Also holding down inflation was slow growth or declines in the prices of investment advice, baby clothes, televisions, dishes and mobile phone calls.
There are indications that disinflationary pressures are becoming more widespread in the economy. A measure of the distribution of inflation by the San Francisco Fed shows that 20.5 percent of expenditures it tracks had lower prices in December 2013 than a year earlier. That’s almost double the 11.7 percent it found for the 12 months ended in December 2012. The number of items with lower prices was 36 percent of the total in December 2013, compared with 22.2 percent a year earlier.
Some companies, including Colgate-Palmolive Co., are resisting pressure to keep cutting prices. As the world leader in toothbrush sales, New York-based Colgate won’t “seek to chase what we think are unsustainable promotional efforts,” Chief Executive Officer Ian Cook said on a Jan. 30 earnings call.
“We’re not going to abandon sensible business principals just to chase market share,” he said.
Economists at UBS Securities LLC are among those who say pricing power will pick up along with the economy.
“Pricing is being driven by something other than weakness” in demand, said Sam Coffin, a UBS economist in Stamford, Connecticut. Influences on the supply side, such as automakers discounting to gain market share or overseas apparel makers cutting costs, were responsible for about 75 percent of the slowdown in inflation in four categories -- financial services, motor vehicles, clothing and health care, he said in a study published in May.
Coffin estimates the core PCE index will rise 1.8 percent this year from 2013, accelerating to 2.4 percent in 2015.
That view is at odds with the consensus outlook. The median projection of economists surveyed by Bloomberg calls for a 1.5 percent rise in the core index in 2014, followed by a 1.8 percent increase next year.
The case for tame inflation ahead is buttressed by stabilizing housing costs, one of the few forces that was underpinning price increases in recent years. Not counting housing, inflation would have decelerated another 0.4 percentage point in the two years ended in December, according to data compiled by Bloomberg.
Rents won’t rise as fast as they have in the past couple of years, said Jeffrey Langbaum, a real estate analyst at Bloomberg Industries.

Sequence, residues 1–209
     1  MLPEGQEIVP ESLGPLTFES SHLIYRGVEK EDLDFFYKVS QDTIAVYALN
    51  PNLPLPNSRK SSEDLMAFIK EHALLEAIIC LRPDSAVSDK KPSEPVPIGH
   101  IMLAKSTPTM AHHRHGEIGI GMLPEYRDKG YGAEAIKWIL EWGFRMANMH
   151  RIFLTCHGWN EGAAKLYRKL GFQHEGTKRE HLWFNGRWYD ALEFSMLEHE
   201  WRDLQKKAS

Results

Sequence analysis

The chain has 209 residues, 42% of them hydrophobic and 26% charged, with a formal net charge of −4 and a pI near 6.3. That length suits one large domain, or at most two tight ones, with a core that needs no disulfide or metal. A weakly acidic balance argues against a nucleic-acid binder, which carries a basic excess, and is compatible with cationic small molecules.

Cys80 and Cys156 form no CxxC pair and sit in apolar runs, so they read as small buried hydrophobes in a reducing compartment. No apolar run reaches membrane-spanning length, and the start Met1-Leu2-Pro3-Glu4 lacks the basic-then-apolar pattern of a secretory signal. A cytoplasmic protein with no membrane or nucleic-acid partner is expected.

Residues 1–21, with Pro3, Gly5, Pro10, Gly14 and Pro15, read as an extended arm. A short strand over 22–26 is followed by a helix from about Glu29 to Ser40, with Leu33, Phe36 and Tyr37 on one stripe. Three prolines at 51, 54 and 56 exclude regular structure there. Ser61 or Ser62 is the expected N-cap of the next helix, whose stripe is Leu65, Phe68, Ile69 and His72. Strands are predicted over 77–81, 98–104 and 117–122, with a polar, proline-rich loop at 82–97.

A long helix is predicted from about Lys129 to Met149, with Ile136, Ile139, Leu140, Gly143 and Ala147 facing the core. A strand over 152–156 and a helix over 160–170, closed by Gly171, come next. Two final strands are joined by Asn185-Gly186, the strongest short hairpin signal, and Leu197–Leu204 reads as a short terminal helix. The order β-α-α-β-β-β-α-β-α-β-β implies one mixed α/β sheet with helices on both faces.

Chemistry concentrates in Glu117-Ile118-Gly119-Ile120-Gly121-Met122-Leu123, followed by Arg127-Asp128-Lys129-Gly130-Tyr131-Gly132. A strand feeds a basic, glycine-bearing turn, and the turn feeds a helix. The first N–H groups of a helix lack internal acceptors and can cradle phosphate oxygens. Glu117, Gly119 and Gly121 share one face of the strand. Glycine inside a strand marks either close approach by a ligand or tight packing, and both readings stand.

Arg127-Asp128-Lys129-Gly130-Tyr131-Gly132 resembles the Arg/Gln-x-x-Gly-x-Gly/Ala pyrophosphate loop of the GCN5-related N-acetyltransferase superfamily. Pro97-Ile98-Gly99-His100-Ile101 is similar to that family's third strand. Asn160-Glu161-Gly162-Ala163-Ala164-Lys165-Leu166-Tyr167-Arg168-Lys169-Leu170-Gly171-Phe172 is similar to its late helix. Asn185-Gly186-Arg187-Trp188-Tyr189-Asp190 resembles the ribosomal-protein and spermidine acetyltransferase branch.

“Rents are going to continue to go up, but the pace of that growth is going to slow,” Langbaum said. “The driving factor behind all that is there’s been an influx of new apartment supply,” which will help keep a lid on rents this year.
Slowing prices in the U.S. may give the Fed room to maintain historically low borrowing costs even as the jobless rate races down to a 6.5 percent threshold that policy makers have said must be reached before they will consider raising the target interest rate.
The Federal Open Market Committee said Jan. 29 it will cut monthly bond-buying by $10 billion to $65 billion, citing labor market improvement and a pickup in growth. The trimming keeps the Fed on pace to end its unprecedented asset purchase program by the end of the year.
At the same time, the Fed left unchanged its statement that it will probably hold its target interest rate near zero “well past the time” that unemployment falls below 6.5 percent, “especially if projected inflation” remains below the committee’s longer-run goal of 2 percent.
In following inflation, Fed policy makers prefer to use a personal consumption expenditures price index that includes all items, including food and energy. By that measure, prices rose just 1.1 percent in the 12 months ended in December.
“The Fed will have to acknowledge that inflation has remained lower than they forecast, and that that means they’ll remain easy even longer than they’re currently signaling,” said Michael Hanson, a former Fed economist who is now senior U.S. economist for Bank of America Corp. in New York.